The Rosh (Gittin 4:7) writes that when comes to writing a bill of divorce (Get), the name that is used for to call up the husband to he receives an Aliyah should be what is included in the Get. Therefore, it is clear that the custom of calling up on Oleh by his name is an ancient custom. Interestingly, the Gemara (Berachot 55a) says that one of the things that shorten one’s life is being called up to the Torah and refusing.
The HIDA (Haim Sha’al, vol. I, § 13), on the other hand, says that the custom in Jerusalem was that one’s name would not be called out loud. Rather, the Shamash (sexton of the synagogue) would call up the Oleh in a more indirect manner, so as to prevent the possibility of one refusing to go up to the Torah and risking shortening one’s life. The Ben Ish Hai (Rav Pe’alim, vol. II, Orah Haim, § 16) writes that this is the custom as well. In Egypt, plaques would be distributed with the number of the Aliyah so that one’s name would not have to be called.
Nevertheless, the Moroccan custom is to publicly call out the name of the Oleh, which the Shamash precede by saying “Ya’amod HaShem Hatov…” (lit. “may the good name…rise”).. Rabbi Meir Elazar Attia (MiShulhan Avotenu, Sha’ar 1, pg. 84) writes that unlike some communities in which one is called by one’s name and one’s father’s name (eg. Moshe ben Avraham), the Moroccan custom is to include one’s last name as well (eg. either Moshe ben Avraham Bitton, or simply Moshe Bitton). Rabbi Yehuda Ayash (Ze Hashulhan) writes that in Algeria the custom was to use one’s name and father’s name on Shabbat, but on weekdays, one would simply be called up using “Ya’amod HaShem Hatov” to conform with the HIDA’s opinion.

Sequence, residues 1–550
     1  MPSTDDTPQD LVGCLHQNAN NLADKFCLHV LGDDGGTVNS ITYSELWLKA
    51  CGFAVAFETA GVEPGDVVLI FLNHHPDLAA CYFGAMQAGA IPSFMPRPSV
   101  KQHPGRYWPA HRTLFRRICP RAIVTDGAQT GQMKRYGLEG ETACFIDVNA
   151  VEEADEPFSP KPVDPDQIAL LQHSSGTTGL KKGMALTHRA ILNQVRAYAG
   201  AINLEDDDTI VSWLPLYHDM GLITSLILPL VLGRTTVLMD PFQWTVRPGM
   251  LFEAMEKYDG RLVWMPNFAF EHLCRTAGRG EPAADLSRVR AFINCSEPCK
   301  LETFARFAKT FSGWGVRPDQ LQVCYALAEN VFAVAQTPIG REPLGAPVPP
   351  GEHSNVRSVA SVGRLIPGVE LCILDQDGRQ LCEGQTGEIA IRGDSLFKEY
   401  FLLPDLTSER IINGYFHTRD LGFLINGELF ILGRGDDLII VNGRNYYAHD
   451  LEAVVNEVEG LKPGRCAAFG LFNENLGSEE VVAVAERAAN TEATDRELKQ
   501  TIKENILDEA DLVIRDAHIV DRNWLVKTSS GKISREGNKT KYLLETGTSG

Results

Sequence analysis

It is written (Orhot Rabenu) that Rabbi Ya’akov Kanievsky (the Steipler) was insistant about being called up to the Torah by his name. Furthermore, Rabbi Israel Yehoshua Trunk (Yeshuot Malko, §12), Rabbi Itzhak Yehuda Schmelkes (Bet Itzhak, §20-21) and Rabbi Eliezer Waldenberg (Tzitz Eliezer, vol. 17. §16) are all adamant that one should be called up to the Torah by one’s name.
Summary: The Moroccan custom is that an Oleh is publicly called up to the Torah sing one’s name and last name.